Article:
Karlo Ensemble – Lukovitsko Horo

It’s hard to refrain from tapping out the driving, complex rhythm to this lively piece of Bulgarian urban folk music – the Lukovitsko Horo, a dance originating from northern Bulgaria. This performance stems from the mid-20th century sometime, though it’s a little hard to pin down an exact date of release or recording. As I mentioned in a previous post featuring Bulgarian music, in 1947-1948, all the numerous Bulgarian independent labels (a vibrant bunch!) were nationalized by the Communist government and folded into the state-run label known as Radioprom. After a few years, Radioprom became Balkanton – the label featured here. However, both Radioprom AND Balkanton reissued earlier folkloric performances that had been originally issued on those independent labels (as well as a host of nationalistic performances – folk soloists were rare). I know that this record previously appeared on the Radioprom label – I suppose it’s conceivable that it originally appeared, earlier, on one of those lovely independent labels of 1930s Bulgaria: London, Balkan, Mikrophon, Orfei, Arfa…we have not forgotten you!

But, enough about label minutiae. Karlo Aliev’s brass band is performing this horo in 9/8 (or daičovo), and he was an important musician in Bulgaria. He was Romani, and was part of a lineage of musicians. Primarily, he was a trumpet player, and his ensemble recorded for numerous Bulgarian labels throughout the 1930s, recording tracks for Orfei, London, and Radioprom. His son, Boris Karlov (1924-1964) was a famed accordion player who began his career playing tambura in his father’s orchestra on Radio Sofia. In fact, Boris was known to later play the flip side of this record by his father, the song Eleno Mome. Boris’ son, Kalcho Karlov, played drums in his grandfather’s band – perhaps even on this track. I was unable to track down the names of the performers, but for other, similar recordings, Karlo’s ensemble featured Demir Cholakov on clarinet, Assen Radenov on violin, and Kalcho Karlov on drums. However, one can distinctly hear the sound of other brass instruments as well (a flugelhorn, maybe? tuba?) on this recording.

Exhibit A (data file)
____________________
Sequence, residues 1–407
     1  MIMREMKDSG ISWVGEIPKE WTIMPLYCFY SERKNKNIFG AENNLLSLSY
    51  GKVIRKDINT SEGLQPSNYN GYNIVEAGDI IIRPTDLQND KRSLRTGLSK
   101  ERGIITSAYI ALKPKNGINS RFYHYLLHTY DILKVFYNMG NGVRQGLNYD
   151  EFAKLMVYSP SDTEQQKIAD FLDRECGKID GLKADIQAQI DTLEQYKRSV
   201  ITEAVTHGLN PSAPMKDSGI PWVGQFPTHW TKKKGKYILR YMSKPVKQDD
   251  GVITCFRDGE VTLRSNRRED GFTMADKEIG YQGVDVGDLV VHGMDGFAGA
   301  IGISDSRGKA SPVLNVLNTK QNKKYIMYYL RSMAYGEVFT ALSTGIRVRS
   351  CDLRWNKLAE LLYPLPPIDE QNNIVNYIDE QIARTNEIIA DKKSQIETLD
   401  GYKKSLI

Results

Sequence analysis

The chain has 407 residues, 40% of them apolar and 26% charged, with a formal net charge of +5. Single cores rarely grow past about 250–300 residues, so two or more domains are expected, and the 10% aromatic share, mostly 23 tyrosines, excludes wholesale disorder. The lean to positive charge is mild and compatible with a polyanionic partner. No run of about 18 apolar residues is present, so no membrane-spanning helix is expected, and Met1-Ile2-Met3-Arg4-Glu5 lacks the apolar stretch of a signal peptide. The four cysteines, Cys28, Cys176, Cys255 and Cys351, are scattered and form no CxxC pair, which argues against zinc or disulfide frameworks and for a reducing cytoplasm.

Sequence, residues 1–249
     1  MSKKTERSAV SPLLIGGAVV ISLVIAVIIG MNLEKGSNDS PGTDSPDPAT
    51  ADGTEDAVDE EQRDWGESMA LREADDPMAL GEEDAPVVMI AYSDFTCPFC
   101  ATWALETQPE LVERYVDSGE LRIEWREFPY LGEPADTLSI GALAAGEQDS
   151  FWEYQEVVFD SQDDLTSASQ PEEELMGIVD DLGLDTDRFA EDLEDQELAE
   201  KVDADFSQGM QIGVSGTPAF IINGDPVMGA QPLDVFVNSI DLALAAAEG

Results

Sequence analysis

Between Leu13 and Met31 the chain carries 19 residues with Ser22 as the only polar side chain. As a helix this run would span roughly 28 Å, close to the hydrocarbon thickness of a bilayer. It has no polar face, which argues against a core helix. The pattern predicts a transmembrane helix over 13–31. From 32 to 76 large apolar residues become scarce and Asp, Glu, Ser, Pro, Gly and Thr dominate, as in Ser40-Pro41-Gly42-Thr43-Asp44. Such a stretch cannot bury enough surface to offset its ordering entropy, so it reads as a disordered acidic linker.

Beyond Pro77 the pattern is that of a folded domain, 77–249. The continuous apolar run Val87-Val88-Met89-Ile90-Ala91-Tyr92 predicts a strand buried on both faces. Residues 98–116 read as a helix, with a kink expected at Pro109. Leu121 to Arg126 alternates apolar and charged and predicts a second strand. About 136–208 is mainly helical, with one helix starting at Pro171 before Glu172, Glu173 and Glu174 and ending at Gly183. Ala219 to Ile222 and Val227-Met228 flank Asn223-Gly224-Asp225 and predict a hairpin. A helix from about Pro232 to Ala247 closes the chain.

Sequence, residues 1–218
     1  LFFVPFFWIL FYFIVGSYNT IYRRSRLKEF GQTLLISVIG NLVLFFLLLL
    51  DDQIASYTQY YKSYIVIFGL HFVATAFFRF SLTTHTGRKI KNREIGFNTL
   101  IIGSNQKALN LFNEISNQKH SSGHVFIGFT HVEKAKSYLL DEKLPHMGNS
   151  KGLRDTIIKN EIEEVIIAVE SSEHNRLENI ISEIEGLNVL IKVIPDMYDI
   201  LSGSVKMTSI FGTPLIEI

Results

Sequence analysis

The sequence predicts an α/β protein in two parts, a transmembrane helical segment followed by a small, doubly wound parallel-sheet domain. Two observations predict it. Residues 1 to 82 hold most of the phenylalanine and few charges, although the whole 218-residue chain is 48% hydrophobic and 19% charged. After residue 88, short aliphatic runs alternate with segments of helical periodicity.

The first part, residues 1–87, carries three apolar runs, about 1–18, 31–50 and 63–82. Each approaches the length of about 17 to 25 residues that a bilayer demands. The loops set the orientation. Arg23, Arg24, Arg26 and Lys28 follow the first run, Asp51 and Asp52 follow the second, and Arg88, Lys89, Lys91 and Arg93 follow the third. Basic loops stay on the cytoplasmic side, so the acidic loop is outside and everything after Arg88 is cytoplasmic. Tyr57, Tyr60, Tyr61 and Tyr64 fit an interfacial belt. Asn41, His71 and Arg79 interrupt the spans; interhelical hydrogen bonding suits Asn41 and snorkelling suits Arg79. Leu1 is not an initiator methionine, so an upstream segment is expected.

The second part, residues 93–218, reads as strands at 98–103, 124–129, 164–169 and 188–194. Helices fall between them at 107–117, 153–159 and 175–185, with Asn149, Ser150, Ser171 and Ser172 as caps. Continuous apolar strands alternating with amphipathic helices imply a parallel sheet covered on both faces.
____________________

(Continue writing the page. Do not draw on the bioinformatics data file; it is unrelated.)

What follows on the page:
Bulgarian urban folk featured rhythms and melodies of traditional Bulgarian music, played on non-folkloric instruments. As Lauren Brody points out in her notes to her CD Song of the Crooked Dance (the essential CD collection of Bulgarian 78s available on Yazoo), folk musicians were “quite conversant with non-traditional instruments” and used them frequently in recordings. This is an all-out romp – with some shouts near the end!

Karlo Ensemble – Lukovitsko Horo

Technical Notes
Label: Balkanton
Issue Number: 1059
Matrix Number: 1991

Much information gleaned from Lauren Brody’s notes, Larry Weiner, David Murray and Peter Jaques.

6 thoughts on “Karlo Ensemble – Lukovitsko Horo

  1. Tricky one to follow for me at least – a fast 9/8 which becomes much simpler to follow about half way through the piece. The only other references to Lukovitsko Horo which I managed to find seem to refer to a much faster 2/4 dance – maybe we have a Bulgarian dance expert who can clarify?

  2. Thanks, gracenotes!

    Tony – I saw those references as well, but wasn’t sure what to make of them. Someone will enlighten us, I’m sure…

  3. Not sure if anybody out there is from St. Louis or has ran into an amazing radio show on KDHX, but I thought I might tell people about John Uhlemann’s Music From The Hills.

    “John Uhlemann brings you Music From the Hills, two hours of strangely beautiful folk and traditional music from Eastern Europe and Scandinavia, with occasional forays into the Middle East and Western Europe.”

    This guy really knows his stuff and I believe also runs a folk dance group in STL compiling years and years of 78s, LPs, 45s, cassettes, and CDs of this soulful eastern European music. You can listen to archived shows streaming at:
    or listen live on Sundays 4-6 PM (Midwest Time) at kdhx.org

    a truly valuable and fun resource for music like this. anyway, just thought I might plug that. Enjoy!

  4. Yes, this was originally released on the “Orfei Label” (Orfei 1392), and based on the Catalog number my guess is that the record was originally released around 1942-1944. On the flip side of the Orfei record was another dance tune “Eleno Mome” played by the same band, but this tune was in 7/8 meter.

Leave a Reply

Fill in your details below or click an icon to log in:

WordPress.com Logo

You are commenting using your WordPress.com account. Log Out /  Change )

Twitter picture

You are commenting using your Twitter account. Log Out /  Change )

Facebook photo

You are commenting using your Facebook account. Log Out /  Change )

Connecting to %s